Posted by: Warren McCarty on April 28, 2017
There are certain utility services that businesses require in order to function: water, gas, sewer and electricity services are at the top of the list. As public utilities, these services are provided to all organizations; their cost is typically determined based on usage and demand, and customers pay a metered fee based on individual consumption levels.
When you think of public utilities, what comes to mind? How reliant we are on them? How fundamental they are to our survival? How the services are basically invisible to us, and how we often take them for granted?
When you think about it, many of these statements could also be said about IT networks, especially as they have changed over the past few years to support digital buildings and IoT. It’s becoming more common to refer to – or think about – IT as a utility because of how central it is to every business – and to our everyday lives. Enterprise networks are just as vital as electricity and water to keeping a business running.
Today’s users expect networks to be fast and fully functional. They don’t think about the behind-the-scenes work it takes to make that network connection happen. When you flip a light switch, do you think about where the electricity is coming from, or the process required to make your overhead lights turn on? When you think about IT as a utility, you expect to be able to connect to a network whenever you want – you assume it will always be available and easy to access, regardless of where you are.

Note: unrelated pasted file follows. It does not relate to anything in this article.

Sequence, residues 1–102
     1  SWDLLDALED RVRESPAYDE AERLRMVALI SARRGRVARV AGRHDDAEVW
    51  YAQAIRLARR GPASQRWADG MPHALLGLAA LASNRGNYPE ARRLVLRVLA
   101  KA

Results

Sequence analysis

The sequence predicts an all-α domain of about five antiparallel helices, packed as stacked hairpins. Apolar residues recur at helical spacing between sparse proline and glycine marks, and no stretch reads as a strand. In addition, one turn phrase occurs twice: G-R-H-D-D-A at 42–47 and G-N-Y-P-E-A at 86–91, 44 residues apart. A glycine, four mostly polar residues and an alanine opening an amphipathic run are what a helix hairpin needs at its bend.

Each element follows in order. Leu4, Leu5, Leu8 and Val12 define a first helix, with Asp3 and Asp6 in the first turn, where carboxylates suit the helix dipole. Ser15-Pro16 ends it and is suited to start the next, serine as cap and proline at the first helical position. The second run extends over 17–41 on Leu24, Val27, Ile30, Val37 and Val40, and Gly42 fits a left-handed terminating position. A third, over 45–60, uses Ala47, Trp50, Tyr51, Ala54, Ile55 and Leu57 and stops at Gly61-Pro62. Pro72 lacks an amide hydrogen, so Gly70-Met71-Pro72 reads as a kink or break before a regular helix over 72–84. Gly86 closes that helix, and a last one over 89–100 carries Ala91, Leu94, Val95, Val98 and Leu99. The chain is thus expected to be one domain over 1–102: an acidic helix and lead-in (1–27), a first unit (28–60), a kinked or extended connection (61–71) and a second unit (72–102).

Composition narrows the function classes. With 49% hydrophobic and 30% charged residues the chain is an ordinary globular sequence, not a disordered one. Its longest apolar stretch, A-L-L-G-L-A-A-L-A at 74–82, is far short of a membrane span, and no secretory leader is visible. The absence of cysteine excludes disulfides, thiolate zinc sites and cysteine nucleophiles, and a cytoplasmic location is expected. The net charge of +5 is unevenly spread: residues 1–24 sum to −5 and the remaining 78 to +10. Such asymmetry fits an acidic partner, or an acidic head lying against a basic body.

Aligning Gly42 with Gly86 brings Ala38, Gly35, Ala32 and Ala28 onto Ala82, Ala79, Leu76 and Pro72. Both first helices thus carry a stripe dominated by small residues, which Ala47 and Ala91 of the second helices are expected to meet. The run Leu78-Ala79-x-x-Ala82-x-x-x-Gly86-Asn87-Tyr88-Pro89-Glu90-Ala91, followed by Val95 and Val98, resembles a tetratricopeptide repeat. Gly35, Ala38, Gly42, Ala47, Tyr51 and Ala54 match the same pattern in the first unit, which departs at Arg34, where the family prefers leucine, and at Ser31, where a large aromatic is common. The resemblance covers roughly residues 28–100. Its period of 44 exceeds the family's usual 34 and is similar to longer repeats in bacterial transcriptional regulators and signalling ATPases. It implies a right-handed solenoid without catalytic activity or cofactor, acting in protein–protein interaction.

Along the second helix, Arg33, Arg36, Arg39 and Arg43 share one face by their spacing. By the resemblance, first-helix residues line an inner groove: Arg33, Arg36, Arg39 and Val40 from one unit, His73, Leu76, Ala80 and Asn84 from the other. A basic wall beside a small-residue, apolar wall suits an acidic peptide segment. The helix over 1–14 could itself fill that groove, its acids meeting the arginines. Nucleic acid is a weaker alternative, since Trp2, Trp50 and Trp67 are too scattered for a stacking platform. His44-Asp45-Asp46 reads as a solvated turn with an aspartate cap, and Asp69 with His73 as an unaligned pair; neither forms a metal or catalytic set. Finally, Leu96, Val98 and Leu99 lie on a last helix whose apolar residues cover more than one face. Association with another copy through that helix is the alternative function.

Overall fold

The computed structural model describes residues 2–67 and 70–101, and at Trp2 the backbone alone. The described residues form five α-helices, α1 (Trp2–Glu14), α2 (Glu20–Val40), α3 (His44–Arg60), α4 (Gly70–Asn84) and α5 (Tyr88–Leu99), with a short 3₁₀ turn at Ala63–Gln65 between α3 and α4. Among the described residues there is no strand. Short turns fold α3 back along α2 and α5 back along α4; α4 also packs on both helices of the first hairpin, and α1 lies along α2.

The Cloud is the Connection
Utilities offer services that otherwise would be difficult to generate on our own. Very few companies today run their own power grid, for example – and we may be headed down the same path with data centers and networks.
Utilities provide access to resources that businesses and consumers don’t necessarily own. The same could be said of IT as a utility. With the creation of the cloud, and its seemingly infinite supply of storage and computing power, enterprises will likely start to look to IT service providers to get what they need instead of creating and maintaining it themselves.
The cloud allows enterprises to rapidly and dramatically expand (or reduce) the resources they use at any time based on workload and requirements. You use only the amount of storage and computing power you need, and scale back when desired. That functionality is also reminiscent of a utility: The water company doesn’t charge you for water you don’t use. For a fast-growing start-up, a business that is experiencing exponential growth or a company that has to cut back on its offerings, the cloud looks pretty attractive.
Potential Changes Ahead
How will thinking about IT as a utility change our industry? One possibility is the alignment of standards, service levels and business continuity. Public utilities have to follow certain standards and service levels to ensure service without interruption. As the industry moves toward thinking about IT as a utility, the same may be true for our networks and data centers. When enterprises purchase IT service, they will expect certain levels of performance.
The complexity comes when you consider that, unlike water, gas or electricity, IT isn’t a single product – and it can be designed and used in many different ways. Even with IT as a utility, enterprises will still need technology professionals to manage automation and data requirements, IoT and digital building initiatives, and wireless networks.
Whether you have questions about IT as a utility, about designing data centers or networks, or investigating cloud solutions, Belden can answer your questions. Contact us today!